I'm chomping at the bit to try the Traz, and will report back as soon as the weather allows me to start my trial run etc.

    Leave a comment:


  • AnastasiaBeaverhousen
    replied
    Bumping this thread because I wanted to know how your horse is doing.

    Leave a comment:


  • danacat
    replied
    Originally posted by Spud&Saf View Post
    Have you ruled out any neuro issues?
    My guy is a solid citizen when he's taken away from his herd -- it's when he's in a stall and one of his herd leaves that he gets anxious. Ruled out neuro -- he' be showing other symptoms and would be getting much worse rather than teeny bits better.

    Leave a comment:


  • MegBackInSaddle
    replied
    Nothing helpful to add. Just wanted to say a big HOORAY for the baby steps recently taken toward calmness and to say I absolutely admire your dedication to finding a solution if one is available. Whatever the outcome, you seem to be approaching all of this with love, patience, and reason.

    Leave a comment:


  • Spud&Saf
    replied
    Have you ruled out any neuro issues?

    My TB gelding had insane anxiety levels that, over time, got worse and worse. He was not able to be stalled, an extremely hard keeper, etc. I, too, tried many different management techniques and pharma intervention, but he got worse and became dangerous to handle. He was also an extremely hard keeper and became NQR behind, again this progressed over time. Eventually, I began to notice what I thought were neuro signs with the hind end.

    I had my vet come to evaluate him for the umpteenth time. We tested him for EPM and he came back with very high levels. EPM his relatively uncommon in my area, so it wasn't first on our list of possible diagnoses. Ultimately, due to his dangerous behaviour and his lack of awareness of where his hind end was, we decided euthanasia was the only real option left.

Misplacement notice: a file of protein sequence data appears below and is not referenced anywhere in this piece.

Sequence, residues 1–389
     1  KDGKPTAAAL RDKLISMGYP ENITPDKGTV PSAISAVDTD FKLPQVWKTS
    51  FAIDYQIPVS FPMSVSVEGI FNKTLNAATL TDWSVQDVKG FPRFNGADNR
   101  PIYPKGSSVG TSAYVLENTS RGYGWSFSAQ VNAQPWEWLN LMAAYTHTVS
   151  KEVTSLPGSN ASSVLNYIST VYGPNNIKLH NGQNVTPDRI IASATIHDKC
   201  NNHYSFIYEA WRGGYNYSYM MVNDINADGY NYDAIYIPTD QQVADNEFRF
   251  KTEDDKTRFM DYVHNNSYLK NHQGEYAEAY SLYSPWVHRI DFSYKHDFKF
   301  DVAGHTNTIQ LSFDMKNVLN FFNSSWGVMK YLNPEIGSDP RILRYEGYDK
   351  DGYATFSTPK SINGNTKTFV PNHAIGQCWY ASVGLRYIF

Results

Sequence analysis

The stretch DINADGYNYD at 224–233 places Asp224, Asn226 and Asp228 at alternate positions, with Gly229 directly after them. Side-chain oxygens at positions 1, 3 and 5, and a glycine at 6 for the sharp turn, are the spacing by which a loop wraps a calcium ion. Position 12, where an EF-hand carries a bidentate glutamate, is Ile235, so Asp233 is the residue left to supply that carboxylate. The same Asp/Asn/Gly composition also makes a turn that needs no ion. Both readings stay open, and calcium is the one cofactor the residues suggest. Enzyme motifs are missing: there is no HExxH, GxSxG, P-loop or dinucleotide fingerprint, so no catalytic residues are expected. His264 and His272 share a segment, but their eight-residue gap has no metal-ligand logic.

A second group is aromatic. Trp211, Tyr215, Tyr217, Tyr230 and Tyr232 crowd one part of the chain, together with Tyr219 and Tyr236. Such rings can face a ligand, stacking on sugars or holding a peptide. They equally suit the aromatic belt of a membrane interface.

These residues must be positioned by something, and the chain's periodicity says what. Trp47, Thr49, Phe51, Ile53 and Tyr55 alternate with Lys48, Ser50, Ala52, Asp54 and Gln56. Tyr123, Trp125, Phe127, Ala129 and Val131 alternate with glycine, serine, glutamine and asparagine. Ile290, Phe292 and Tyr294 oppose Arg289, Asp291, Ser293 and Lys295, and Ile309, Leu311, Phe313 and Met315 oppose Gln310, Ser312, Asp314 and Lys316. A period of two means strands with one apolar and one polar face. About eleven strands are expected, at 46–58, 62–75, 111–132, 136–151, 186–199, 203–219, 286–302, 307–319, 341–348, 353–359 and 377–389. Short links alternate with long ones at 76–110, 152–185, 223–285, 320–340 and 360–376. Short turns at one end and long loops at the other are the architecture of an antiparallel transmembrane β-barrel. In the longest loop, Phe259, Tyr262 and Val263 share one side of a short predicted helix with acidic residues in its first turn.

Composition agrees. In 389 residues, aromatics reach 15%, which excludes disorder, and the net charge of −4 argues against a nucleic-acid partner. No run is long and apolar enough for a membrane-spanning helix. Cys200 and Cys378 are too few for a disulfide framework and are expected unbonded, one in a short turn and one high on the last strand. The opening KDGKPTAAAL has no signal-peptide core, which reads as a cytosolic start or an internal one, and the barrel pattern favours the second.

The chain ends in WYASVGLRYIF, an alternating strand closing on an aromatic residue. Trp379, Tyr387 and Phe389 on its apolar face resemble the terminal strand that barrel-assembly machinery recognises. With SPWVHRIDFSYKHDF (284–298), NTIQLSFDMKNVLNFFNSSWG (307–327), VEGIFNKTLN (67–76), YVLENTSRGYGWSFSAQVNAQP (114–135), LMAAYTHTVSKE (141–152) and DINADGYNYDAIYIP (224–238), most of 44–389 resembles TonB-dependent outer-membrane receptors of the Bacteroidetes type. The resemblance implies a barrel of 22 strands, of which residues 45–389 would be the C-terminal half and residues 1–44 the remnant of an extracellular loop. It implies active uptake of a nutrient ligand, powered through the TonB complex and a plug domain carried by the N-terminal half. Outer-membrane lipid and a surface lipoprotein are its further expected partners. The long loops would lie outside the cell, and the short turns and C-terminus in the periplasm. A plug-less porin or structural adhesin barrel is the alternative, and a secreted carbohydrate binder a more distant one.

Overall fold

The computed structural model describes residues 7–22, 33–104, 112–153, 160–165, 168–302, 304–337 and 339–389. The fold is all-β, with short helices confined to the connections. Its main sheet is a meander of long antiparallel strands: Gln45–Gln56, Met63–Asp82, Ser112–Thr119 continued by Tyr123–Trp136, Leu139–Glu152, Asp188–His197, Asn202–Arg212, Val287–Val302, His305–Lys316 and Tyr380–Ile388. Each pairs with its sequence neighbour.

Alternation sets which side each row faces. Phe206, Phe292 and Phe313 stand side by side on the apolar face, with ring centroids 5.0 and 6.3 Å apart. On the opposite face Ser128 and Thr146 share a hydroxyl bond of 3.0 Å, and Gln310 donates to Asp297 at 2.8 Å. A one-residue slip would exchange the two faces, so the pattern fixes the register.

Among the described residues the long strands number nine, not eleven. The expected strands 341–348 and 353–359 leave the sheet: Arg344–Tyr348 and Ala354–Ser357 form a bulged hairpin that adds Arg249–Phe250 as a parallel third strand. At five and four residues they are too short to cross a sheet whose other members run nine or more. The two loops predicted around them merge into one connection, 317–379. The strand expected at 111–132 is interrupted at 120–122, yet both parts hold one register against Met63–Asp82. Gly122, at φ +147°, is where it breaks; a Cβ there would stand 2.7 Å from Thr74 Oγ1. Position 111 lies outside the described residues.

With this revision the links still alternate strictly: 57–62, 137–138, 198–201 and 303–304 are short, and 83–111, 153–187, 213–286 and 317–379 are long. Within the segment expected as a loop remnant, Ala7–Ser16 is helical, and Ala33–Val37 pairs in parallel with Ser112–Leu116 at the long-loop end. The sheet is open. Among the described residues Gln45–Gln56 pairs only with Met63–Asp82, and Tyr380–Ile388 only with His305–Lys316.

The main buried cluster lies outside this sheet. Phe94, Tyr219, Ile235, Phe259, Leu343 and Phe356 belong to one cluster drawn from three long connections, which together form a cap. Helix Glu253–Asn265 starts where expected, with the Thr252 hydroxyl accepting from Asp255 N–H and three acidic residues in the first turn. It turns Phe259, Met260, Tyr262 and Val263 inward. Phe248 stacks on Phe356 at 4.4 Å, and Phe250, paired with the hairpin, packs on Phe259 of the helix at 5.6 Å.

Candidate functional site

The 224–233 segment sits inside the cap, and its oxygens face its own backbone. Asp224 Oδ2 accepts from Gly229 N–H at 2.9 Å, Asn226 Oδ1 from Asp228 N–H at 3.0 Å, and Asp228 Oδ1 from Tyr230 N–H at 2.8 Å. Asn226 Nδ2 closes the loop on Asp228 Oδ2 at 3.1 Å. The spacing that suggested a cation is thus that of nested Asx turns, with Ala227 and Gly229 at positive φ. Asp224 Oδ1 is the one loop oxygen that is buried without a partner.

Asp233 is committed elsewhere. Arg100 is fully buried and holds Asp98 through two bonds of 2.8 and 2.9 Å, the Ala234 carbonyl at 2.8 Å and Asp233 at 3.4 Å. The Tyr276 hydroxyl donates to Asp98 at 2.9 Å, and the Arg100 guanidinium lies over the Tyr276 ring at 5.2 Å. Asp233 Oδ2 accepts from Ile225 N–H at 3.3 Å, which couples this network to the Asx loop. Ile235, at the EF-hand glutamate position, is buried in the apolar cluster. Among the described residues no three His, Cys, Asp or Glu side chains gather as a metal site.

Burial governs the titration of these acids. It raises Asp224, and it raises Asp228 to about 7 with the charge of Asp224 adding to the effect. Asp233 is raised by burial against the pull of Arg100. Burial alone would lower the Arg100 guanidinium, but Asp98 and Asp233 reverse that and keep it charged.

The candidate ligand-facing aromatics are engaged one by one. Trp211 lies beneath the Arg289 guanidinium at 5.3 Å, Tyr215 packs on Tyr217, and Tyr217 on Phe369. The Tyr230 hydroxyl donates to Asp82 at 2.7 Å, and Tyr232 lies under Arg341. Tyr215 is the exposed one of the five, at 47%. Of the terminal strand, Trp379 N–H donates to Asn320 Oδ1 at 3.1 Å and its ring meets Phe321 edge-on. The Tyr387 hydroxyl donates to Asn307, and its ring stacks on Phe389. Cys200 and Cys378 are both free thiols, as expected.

Looking back now, I understand that his anxiety levels were likely 100% related to the fact he had a neuro disease - he simply felt he could not function without the protection of his "herd".

    Just another thought of something to rule out.

    Leave a comment:


  • TheHunterKid90
    replied
    Originally posted by danacat View Post

    Both ^^^ were talked about in earlier posts.
    I’m sorry! I only read the first page!

    Leave a comment:


  • danacat
    replied
    Originally posted by TheHunterKid90 View Post
    Does he straight tie? Have you ever talked to your vet about a couple months of reserpine?
    Both ^^^ were talked about in earlier posts.

    Leave a comment:


  • TheHunterKid90
    replied
    Does he straight tie? Have you ever talked to your vet about a couple months of reserpine?

    Leave a comment: